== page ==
Governor Rick Perry and the Texas Commission on Environmental Quality (TCEQ) say the Environmental Protection Agency (EPA) is attempting to “impose federal control over Texas” and is interested in a “blatant power grab.”
In fact, the EPA is simply making good on its warning that it would be required to intervene in Texas’ air permitting program if the TCEQ doesn’t comply with the federal Clean Air Act. What’s more, those warnings date well back into the administration of President George W. Bush.
Still, it must have seemed to the TCEQ like they were suddenly getting it from all sides.
TCEQ’s two-weeks-from-hell in review:
- May 25: EPA announces it will begin issuing air permits in Texas until the TCEQ's Air Quality Program can become federally compliant and issue permits consistent with the Clean Air Act.
- May 26: Texas Observer breaks story that there was an allegation of fraud against the TCEQ regarding their Fort Worth mobile air monitoring study and an internal investigation that uncovered four instances of elevated benzene levels in Fort Worth that went undisclosed to the public or city.
- May 28: Democratic State Sen. Wendy Davis files a 30-part open records request, leading to the revelation of an additional three instances of elevated benzene levels that had not been disclosed to the public or Fort Worth officials.
- June 1: Denton Record Chronicle reports that Republican U.S. Rep. Michael Burgess calls on Texas Attorney General to investigate state's environmental agency. (This request was later withdrawn to allow the Sunset review process to do its job, but not before the agency's credibility was drawn into question.)
- June 7: A massive gas explosion in Cleburne kills one and injures seven.
- June 7: The city of Flower Mound becomes the third Barnett Shale municipality to successfully enact an oil and gas drilling moratorium amid lingering questions regarding environmental and public health. (The gas explosion didn’t help.)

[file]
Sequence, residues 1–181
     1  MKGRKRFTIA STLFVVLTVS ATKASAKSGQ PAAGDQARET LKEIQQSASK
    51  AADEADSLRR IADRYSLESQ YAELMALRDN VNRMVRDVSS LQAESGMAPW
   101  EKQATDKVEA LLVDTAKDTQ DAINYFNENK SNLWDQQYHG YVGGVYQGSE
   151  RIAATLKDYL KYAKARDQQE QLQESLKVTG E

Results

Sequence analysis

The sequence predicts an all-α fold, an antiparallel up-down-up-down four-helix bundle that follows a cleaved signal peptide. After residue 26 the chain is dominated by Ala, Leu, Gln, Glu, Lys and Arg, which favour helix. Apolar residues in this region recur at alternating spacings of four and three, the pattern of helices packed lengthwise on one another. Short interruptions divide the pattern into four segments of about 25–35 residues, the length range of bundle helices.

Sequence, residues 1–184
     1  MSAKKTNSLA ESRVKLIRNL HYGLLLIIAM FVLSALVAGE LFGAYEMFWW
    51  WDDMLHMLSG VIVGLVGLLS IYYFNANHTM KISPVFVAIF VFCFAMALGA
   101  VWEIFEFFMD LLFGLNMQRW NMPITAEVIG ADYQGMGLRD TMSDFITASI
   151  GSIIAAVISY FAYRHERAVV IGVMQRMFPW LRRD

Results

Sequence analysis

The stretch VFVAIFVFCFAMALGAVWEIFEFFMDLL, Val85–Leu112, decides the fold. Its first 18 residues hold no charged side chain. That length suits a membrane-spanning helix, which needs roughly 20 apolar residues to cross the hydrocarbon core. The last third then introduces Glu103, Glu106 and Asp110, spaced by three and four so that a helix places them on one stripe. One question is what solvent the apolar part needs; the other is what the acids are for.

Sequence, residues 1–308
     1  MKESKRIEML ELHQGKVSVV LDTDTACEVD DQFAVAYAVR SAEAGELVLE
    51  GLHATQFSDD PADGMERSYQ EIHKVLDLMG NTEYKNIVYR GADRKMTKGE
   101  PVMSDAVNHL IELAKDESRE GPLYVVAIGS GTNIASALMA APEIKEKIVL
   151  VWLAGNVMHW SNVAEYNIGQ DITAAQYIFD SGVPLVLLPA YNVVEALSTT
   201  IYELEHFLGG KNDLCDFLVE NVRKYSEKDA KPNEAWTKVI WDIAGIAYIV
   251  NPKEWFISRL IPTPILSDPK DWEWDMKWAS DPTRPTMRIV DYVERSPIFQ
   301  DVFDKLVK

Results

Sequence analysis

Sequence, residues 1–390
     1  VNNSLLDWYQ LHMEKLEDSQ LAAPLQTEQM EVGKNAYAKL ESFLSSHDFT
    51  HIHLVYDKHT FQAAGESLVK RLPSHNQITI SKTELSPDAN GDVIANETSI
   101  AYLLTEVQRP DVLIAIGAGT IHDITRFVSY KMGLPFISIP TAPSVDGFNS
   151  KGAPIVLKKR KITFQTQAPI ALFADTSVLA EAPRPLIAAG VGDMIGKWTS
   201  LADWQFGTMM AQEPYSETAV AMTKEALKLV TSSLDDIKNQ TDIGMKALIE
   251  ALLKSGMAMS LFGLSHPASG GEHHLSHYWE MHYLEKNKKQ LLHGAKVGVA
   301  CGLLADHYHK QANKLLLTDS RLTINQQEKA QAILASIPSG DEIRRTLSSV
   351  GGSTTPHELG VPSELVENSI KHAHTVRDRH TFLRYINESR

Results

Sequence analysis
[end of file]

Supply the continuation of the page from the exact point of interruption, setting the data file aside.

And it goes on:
The series of articles alleging that TCEQ withheld findings of elevated benzene levels in Tarrant County provoked growing skepticism about the results of last year’s Barnett Shale air quality sampling. The timeline below describes events leading up to TCEQ’s admission:
December: TCEQ conducts air sampling across the Barnett Shale area.
January 12: TCEQ Deputy Director Sadle tells Fort Worth City Council and media that test results show there is “no cause for concern.”
January 22 & February 3: TCEQ tests the same air samples using more sensitive instruments in lab and detects benzene above long-term ESLs at four locations and another toxic substance above short-term at one location. This new information was withheld from the public.
January 26: TCEQ publishes air quality report with disclaimer.
February 3: Fraud complaint filed alleging that TCEQ leadership knew early on that the testing equipment was not sensitive enough to detect many toxic compounds.
April: Another inspection in Fort Worth where half of “the downwind samples taken found elevated levels of benzene, from 1.9 parts per billion to 6.3 ppb.”
April 26: TCEQ toxicology report written with new information but withheld from public.
May 21: Toxicology report posted on TCEQ website.
June 1: Release of April's inspection results.
All in all, not a great six months for the embattled agency….
EPA is moving ahead to provide protection for Texans that the state could not.
EPA is taking comments on new proposed greenhouse gas reporting rules for petroleum and natural gas systems. Greenhouse gases – Methane (CH4), Carbon dioxide (CO2) and Nitrous oxide (N2O) are air pollutants that cause global warming. Good reporting rules are the first step in a two-part regulatory effort to address emissions from poorly regulated oil and gas production. These new reporting rules are important because they require precisely what TCEQ refused to provide the citizens of Texas: DISCLOSURE.
Full disclosure of the global warming pollution emitted by oil and gas facilities would:
- Give our policymakers and elected officials the critical information needed to fight pollution that erodes the health of our communities and environment;
- Guarantee transparency – letting you, your family and friends know the largest emitters in your neighborhood and across the country; and
- Help hold large emitters accountable for their greenhouse gas discharges.
To learn more about the proposed reporting rule, go to EPA’s Proposed Greenhouse Gas Reporting Rule for Petroleum & Natural Gas Systems.
To tell EPA to continue protecting the Texas environment and public health by enacting these rules, email GHG_Reporting_Rule_Oil_and_Natural_Gas@epa.gov. Include “EPA-HQ-OAR-2009-0923” in the subject line of the message. To help you construct your letter, we have provided a sample letter to Administrator Jackson.